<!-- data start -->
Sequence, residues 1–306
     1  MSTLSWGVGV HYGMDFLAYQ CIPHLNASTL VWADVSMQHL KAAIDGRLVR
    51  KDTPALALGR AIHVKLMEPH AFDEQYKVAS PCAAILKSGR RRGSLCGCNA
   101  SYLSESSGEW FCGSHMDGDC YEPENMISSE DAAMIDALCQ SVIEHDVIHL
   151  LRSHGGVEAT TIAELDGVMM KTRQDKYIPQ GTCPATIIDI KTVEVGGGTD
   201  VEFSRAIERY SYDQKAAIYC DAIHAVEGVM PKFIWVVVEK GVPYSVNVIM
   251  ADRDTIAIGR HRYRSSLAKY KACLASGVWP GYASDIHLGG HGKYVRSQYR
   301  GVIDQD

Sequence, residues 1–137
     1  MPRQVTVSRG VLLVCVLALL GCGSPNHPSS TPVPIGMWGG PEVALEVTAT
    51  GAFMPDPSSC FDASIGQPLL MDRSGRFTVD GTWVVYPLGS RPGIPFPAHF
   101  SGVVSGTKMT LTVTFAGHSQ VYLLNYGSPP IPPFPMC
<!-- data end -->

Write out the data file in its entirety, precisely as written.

Sequence, residues 1–306
     1  MSTLSWGVGV HYGMDFLAYQ CIPHLNASTL VWADVSMQHL KAAIDGRLVR
    51  KDTPALALGR AIHVKLMEPH AFDEQYKVAS PCAAILKSGR RRGSLCGCNA
   101  SYLSESSGEW FCGSHMDGDC YEPENMISSE DAAMIDALCQ SVIEHDVIHL
   151  LRSHGGVEAT TIAELDGVMM KTRQDKYIPQ GTCPATIIDI KTVEVGGGTD
   201  VEFSRAIERY SYDQKAAIYC DAIHAVEGVM PKFIWVVVEK GVPYSVNVIM
   251  ADRDTIAIGR HRYRSSLAKY KACLASGVWP GYASDIHLGG HGKYVRSQYR
   301  GVIDQD

Sequence, residues 1–137
     1  MPRQVTVSRG VLLVCVLALL GCGSPNHPSS TPVPIGMWGG PEVALEVTAT
    51  GAFMPDPSSC FDASIGQPLL MDRSGRFTVD GTWVVYPLGS RPGIPFPAHF
   101  SGVVSGTKMT LTVTFAGHSQ VYLLNYGSPP IPPFPMC